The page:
Nova Scotia

N.S. premier opposes national medical group's call to end per capita vaccine distribution

The national group representing doctors in Canada says 'extraordinary measures' are needed to combat disastrous COVID-19 outbreaks in provinces like Ontario and B.C.

Canadian Medical Association says 'extraordinary measures' are needed in areas with major COVID-19 outbreaks

Premier Iain Rankin said Nova Scotia is working hard to prevent a third wave from arriving in the province, and opposes any change to the federal government's current vaccine distribution formula. (Communications Nova Scotia)

The Canadian Medical Association has issued an urgent appeal for "extraordinary measures" to save lives in provinces facing unprecedented growth in COVID-19 infections, but Nova Scotia Premier Iain Rankin is dismissing the group's call for an end to per capita distribution of vaccines.

In a news release issued Friday, the CMA's president, Dr. Ann Collins of Fredericton, said "we are at a critical juncture where a truly national approach to combating COVID-19 will make a difference between more or fewer lives saved."

Among other measures, she called on the federal government to redistribute vaccines to where they are most needed rather than continuing to distribute vaccines to provinces based on population.

"We act as one country when crisis hits with wildfires, floods and other tragedies," said Collins. "This pandemic has reached a new level that requires a national response."

Situation can change quickly, says Rankin

Rankin said Friday his government is against changing the model and potentially putting the province's efforts to contain COVID-19 in jeopardy.

"We've done the work, we've sacrificed and followed restrictions, there are still variants of concern across the country," he said. "We need to make sure that we're looking at that.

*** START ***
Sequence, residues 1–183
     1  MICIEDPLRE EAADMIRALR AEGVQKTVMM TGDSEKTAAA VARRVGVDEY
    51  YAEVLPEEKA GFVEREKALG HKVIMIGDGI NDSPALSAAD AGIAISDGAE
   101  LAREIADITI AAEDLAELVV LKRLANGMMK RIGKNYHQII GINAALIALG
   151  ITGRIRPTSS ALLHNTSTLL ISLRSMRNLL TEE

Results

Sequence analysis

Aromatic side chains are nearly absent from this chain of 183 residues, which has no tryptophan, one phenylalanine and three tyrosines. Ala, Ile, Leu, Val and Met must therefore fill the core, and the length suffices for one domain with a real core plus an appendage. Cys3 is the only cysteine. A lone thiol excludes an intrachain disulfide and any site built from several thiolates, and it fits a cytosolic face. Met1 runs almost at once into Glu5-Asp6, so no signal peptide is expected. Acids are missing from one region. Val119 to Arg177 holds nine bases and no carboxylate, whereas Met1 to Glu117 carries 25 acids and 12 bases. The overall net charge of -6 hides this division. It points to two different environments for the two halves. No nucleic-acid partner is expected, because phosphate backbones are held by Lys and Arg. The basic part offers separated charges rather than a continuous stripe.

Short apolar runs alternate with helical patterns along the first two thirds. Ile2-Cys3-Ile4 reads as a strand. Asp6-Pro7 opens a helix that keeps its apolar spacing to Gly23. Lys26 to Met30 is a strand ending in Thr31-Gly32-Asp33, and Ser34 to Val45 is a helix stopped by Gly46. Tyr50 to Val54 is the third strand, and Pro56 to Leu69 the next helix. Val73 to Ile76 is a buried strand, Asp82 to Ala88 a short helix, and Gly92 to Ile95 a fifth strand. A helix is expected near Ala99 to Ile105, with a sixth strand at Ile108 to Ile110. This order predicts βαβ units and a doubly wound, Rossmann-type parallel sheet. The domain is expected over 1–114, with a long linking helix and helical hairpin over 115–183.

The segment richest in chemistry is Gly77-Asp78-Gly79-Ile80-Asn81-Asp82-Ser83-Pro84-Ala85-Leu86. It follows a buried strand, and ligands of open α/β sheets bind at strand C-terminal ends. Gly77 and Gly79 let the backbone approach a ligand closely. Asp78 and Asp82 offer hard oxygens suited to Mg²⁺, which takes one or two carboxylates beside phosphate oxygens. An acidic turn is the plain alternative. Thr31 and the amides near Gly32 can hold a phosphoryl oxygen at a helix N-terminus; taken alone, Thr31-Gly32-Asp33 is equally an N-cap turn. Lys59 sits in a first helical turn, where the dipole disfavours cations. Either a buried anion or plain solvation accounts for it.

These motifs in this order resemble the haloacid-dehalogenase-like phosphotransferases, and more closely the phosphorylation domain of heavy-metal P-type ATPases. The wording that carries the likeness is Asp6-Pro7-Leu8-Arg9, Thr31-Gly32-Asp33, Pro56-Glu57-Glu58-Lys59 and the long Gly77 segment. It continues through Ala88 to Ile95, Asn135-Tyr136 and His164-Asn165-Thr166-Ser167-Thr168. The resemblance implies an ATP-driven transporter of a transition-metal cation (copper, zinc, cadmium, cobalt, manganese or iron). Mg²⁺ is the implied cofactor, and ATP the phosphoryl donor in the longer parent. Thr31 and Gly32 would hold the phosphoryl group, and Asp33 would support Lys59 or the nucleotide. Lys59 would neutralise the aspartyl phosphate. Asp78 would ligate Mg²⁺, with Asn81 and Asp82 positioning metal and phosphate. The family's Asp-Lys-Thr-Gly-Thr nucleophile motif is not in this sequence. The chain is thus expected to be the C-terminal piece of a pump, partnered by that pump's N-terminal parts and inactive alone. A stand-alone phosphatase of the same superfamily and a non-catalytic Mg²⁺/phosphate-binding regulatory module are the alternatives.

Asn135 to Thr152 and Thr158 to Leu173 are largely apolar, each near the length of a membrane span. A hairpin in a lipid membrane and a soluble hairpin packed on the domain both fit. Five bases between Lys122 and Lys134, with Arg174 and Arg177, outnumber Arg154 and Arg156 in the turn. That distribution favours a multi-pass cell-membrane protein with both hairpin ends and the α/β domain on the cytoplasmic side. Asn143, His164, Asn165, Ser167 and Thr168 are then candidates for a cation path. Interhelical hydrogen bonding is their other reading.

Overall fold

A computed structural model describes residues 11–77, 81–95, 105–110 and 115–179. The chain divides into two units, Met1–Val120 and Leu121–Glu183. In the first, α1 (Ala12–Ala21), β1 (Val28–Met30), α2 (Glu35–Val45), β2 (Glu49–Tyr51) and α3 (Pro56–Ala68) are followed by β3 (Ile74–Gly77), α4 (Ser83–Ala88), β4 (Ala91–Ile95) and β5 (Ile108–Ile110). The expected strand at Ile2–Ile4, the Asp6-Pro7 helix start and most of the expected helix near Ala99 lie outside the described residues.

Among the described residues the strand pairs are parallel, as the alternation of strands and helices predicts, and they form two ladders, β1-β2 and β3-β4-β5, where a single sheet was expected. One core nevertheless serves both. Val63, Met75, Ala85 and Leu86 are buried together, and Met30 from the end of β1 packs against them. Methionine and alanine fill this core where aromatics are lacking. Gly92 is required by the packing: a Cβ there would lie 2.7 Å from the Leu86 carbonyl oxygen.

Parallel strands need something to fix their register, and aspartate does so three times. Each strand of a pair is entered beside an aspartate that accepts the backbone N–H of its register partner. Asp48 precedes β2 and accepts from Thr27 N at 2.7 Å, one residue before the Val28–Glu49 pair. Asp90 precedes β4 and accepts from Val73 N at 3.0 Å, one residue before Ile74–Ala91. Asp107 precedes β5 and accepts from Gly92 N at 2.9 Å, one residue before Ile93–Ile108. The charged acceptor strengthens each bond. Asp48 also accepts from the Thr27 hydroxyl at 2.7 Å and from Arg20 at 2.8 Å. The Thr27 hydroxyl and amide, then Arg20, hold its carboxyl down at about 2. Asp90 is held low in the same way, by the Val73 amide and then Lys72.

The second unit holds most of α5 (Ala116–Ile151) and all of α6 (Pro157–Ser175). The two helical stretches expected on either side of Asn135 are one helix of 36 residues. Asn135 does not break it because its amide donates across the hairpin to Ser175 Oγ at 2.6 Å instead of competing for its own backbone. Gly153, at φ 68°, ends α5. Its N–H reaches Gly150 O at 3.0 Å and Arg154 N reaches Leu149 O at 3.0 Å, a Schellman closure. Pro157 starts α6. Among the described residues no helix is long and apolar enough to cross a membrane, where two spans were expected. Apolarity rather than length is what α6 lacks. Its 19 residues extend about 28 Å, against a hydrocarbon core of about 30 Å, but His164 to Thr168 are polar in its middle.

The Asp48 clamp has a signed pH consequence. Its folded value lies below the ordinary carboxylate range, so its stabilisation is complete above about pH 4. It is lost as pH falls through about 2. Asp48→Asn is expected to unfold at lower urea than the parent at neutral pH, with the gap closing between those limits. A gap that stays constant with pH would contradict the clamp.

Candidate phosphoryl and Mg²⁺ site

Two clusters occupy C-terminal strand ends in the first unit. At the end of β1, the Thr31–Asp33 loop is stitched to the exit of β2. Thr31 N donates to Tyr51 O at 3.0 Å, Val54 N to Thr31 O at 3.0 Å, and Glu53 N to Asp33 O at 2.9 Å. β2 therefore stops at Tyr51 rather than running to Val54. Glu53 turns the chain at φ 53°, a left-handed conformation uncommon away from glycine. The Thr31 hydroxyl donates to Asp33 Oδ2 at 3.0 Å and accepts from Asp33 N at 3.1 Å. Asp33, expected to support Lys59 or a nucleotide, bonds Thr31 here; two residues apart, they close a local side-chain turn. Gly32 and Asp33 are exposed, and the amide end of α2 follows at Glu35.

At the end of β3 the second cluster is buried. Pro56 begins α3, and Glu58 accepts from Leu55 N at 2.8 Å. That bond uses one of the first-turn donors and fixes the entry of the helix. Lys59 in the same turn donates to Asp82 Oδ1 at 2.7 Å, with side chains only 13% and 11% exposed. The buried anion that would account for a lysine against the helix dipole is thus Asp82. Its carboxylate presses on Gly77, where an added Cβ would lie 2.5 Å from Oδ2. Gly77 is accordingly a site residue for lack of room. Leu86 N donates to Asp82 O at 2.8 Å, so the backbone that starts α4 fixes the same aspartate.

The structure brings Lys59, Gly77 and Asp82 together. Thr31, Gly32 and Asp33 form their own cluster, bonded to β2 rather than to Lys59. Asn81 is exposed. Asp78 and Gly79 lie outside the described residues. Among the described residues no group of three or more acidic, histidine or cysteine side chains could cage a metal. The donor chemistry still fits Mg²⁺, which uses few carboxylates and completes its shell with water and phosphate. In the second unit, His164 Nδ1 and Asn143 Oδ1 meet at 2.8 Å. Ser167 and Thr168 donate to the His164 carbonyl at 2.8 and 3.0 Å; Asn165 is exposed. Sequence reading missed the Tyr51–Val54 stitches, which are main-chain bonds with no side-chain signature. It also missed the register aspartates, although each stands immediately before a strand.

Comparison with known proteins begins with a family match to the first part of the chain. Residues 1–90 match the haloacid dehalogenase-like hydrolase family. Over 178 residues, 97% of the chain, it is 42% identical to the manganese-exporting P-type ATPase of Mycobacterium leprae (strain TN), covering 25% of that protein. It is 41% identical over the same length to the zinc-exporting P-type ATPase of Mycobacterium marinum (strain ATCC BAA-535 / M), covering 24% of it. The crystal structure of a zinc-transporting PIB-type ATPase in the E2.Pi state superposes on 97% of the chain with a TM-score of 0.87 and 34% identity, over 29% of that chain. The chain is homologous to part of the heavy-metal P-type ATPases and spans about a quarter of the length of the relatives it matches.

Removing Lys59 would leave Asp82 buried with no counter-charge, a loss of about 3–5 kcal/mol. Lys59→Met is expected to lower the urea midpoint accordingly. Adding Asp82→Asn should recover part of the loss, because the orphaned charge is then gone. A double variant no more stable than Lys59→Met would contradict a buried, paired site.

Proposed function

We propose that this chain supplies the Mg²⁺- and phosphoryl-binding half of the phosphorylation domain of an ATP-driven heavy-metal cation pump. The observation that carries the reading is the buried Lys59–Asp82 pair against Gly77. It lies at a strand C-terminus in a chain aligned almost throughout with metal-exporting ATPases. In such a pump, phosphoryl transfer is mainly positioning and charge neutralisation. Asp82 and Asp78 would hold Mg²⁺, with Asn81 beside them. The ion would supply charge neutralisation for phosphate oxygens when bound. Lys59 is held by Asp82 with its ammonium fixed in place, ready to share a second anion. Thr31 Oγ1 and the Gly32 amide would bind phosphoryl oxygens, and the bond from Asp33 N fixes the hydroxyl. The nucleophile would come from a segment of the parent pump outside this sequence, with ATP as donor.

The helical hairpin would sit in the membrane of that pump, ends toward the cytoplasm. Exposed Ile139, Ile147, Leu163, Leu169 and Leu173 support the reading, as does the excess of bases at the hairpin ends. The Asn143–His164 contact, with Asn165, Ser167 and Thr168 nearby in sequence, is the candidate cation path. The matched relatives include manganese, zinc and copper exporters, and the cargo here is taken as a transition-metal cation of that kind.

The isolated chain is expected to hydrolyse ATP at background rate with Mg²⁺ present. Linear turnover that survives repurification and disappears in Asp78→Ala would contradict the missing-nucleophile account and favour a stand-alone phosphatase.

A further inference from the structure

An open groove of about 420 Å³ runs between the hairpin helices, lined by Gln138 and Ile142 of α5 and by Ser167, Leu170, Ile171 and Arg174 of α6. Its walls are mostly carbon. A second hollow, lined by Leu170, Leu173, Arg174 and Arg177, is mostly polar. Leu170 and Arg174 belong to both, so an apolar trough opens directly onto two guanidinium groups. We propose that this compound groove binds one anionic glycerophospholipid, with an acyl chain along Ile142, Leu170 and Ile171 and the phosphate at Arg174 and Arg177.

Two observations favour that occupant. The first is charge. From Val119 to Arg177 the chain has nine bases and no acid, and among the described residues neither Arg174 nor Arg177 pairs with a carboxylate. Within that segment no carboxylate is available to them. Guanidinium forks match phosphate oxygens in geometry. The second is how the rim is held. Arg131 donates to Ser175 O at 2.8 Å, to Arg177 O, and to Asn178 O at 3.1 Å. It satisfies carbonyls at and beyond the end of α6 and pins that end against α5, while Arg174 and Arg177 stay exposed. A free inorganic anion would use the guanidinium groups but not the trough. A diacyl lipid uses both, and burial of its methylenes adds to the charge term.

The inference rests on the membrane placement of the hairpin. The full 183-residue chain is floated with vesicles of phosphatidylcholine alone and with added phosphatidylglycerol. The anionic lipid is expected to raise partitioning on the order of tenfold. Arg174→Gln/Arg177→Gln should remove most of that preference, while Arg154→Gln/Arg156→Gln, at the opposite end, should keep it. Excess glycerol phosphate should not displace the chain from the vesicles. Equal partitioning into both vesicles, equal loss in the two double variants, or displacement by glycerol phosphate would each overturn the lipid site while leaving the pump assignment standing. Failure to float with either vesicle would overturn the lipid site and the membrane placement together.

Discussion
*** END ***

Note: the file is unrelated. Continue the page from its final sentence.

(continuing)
"Things can change very quickly in this province. We're working really hard to prevent a third wave, but we need to make sure that the vaccine rollout and the way that we structured it remains on track."

At a COVID-19 briefing later in the day, Rankin suggested having Nova Scotia share vaccine would have minimal impact on larger provinces.

"If we were to redirect a proportion of our vaccines, that would be a drop in the bucket for a province the size of Ontario," said Rankin.

Opposition leaders weigh in

That sentiment was echoed by Official Opposition Leader Tim Houston.

"Look, there [are] lots of places in the country that are struggling, for sure, but I agree with the premier that Nova Scotians have done the work, have made the sacrifices," said the PC leader.

NDP Leader Gary Burrill offered a different view, however, suggesting helping to control the spread of COVID-19 elsewhere in Canada would be a benefit to Nova Scotians.

"We have to acknowledge in Nova Scotia that there is no effective path beyond the pandemic for us that does not include addressing and stalling the exponential growth of cases in other provinces," he said.

'It's a crisis,' says Doctors N.S.

Doctors Nova Scotia, the organization that speaks for physicians and those training to be doctors in the province, was blindsided by the CMA's call to action.

Kevin Chapman, director of partnership and innovation, said the group was "scrambling" to find out more from the national organization, but he said it was not unexpected in light of the explosion of new COVID-19 cases, notably in Ontario and Quebec.

"I hope that as a nation we can come together as a nation and really help support each other," said Chapman.

He said whether vaccines should be distributed differently or if Nova Scotia has critical care staff to spare are decisions best left to public health officials and those who run the hospitals. Medical staff in hard-hit areas are stretched to the max, he said.

"We have situations where through no fault of anybody's, COVID rates have skyrocketed and people are really, they're dying," said Chapman.

"It's a crisis and our heart goes out to health-care providers and citizens who are bearing the brunt of this terrible pandemic."

Ontario asks for assistance

The Ontario government formally requested Nova Scotia's assistance Friday, shortly after Dr. Robert Strang, Nova Scotia's chief medical officer of health, said no requests had been made.

Strang said provinces have agreements to assist one another. He also said at the time that the province's largest hospital has no capacity to accept patients from outside of Nova Scotia.

"In my discussions within the department, our health system is full," said Strang. "The Halifax Infirmary is at full capacity."